Noctis will still hang around in a party with friends, but you can’t really manage them, which was disappointing since the main game added the option for multiple characters with an update. The combat becomes dull rather quickly, but I nevertheless enjoyed warp striking my way to enemies. It doesn’t come close to the experience offered by the main game but the developers tried to do a great job with making it offer most of the combat options. Warp Strikes, in particular, are satisfying to pull and stealth is also offered with them. You can jump to vantage points located through some levels and then warp strike to an enemy for an instant kill.

You can only tweak the abilities of each character with the AP that you get through doing missions or leveling up. Most of the fights are easy so this doesn’t seem as important here. The combat itself is a victim of disappointing performance on the Nintendo Switch with frequent stutters and slowdowns that ends up becoming a major chore. I also experienced bugs including one which broke the game for me since Noctis was unable to move and forced me to reload from a checkpoint. The lack of quality control is another huge negative for this version of Pocket Edition. I am unsure how it fares on the other consoles or smartphones in this regard.

The story concludes in a total of 10 chapters, and it is a pretty linear affair. The game never feels comparable to the open world offered in the main Final Fantasy XV game, which I greatly cherished roaming around to do all the sidequests. On the plus side, the linear narrative means you will skip out on a lot of the bloat usually associated with an open world game. One frustrating issue with this design is you won’t be allowed to return to any previous area and only go back if the story requires it.

The disappointing performance of the Nintendo Switch version is a prime cause of concern for an action RPG like Final Fantasy XV Pocket Edition HD. The story advances in a mostly linear fashion with little in the way of branching narrative. Each chapter can take 2 to 3 hours to complete and with a total of 10 chapters offered here, there is enough content compared to its asking price. The question remains, do you want to experience the same story again with a scaled-down version of the combat that also removes the open world element?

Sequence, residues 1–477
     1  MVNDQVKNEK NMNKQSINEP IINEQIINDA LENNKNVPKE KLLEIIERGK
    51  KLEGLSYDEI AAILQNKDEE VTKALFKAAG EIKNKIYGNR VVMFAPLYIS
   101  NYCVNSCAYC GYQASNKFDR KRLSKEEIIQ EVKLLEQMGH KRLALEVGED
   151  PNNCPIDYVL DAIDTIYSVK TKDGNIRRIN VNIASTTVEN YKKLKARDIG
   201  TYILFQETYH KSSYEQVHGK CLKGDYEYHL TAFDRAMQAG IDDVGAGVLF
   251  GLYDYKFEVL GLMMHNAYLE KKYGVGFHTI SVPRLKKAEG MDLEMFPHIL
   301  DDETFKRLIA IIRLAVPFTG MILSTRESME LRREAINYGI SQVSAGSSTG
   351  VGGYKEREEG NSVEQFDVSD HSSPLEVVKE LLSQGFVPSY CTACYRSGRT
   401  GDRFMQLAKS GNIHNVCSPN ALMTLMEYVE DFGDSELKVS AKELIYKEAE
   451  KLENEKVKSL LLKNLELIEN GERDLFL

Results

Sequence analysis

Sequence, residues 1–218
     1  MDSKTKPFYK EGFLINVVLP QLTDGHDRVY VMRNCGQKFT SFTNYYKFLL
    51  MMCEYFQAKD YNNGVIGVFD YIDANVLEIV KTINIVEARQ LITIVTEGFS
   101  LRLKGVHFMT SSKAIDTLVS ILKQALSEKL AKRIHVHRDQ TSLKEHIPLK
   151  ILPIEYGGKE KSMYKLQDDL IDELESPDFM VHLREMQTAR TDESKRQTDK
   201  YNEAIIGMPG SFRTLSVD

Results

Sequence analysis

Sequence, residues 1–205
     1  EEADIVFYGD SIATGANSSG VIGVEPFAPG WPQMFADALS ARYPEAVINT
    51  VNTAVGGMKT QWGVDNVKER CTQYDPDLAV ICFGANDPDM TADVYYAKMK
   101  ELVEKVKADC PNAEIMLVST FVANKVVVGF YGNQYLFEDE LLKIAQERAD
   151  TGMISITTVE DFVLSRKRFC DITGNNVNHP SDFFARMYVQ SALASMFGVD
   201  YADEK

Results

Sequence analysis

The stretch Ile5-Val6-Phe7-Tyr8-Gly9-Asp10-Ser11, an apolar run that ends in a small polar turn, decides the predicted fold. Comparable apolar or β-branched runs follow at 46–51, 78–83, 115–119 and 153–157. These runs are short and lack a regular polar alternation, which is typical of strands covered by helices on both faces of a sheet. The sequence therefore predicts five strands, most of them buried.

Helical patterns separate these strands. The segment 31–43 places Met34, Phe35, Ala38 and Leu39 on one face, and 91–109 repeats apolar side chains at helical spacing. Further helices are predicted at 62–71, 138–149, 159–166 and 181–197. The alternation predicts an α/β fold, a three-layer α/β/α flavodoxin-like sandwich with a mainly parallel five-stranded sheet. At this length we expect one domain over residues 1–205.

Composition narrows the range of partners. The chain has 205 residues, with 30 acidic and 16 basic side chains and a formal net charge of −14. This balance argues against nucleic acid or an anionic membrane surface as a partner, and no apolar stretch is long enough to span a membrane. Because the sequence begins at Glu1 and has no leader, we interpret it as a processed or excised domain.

Final Fantasy XV: Pocket Edition HD Review (Switch)

Game Reviewed on: Switch

Game description: Explore the world of FINAL FANTASY XV with a cast of cute and cool characters! Now you can enjoy the FINAL FANTASY XV story across 10 exciting chapters.

  • Final Score - 7/10


Nintendo Switch owners can now enjoy the complete Final Fantasy XV story but at the cost of stripping the open world, scaling down the combat, visuals, and customization. If you are playing the game just for the story, it is nevertheless a solid action RPG that is decent enough as an alternative version of Final Fantasy XV. The technical issues with the performance and lack of quality control, unfortunately, makes this a letdown overall.


Danial Arshad Khan

Founder of GearNuke.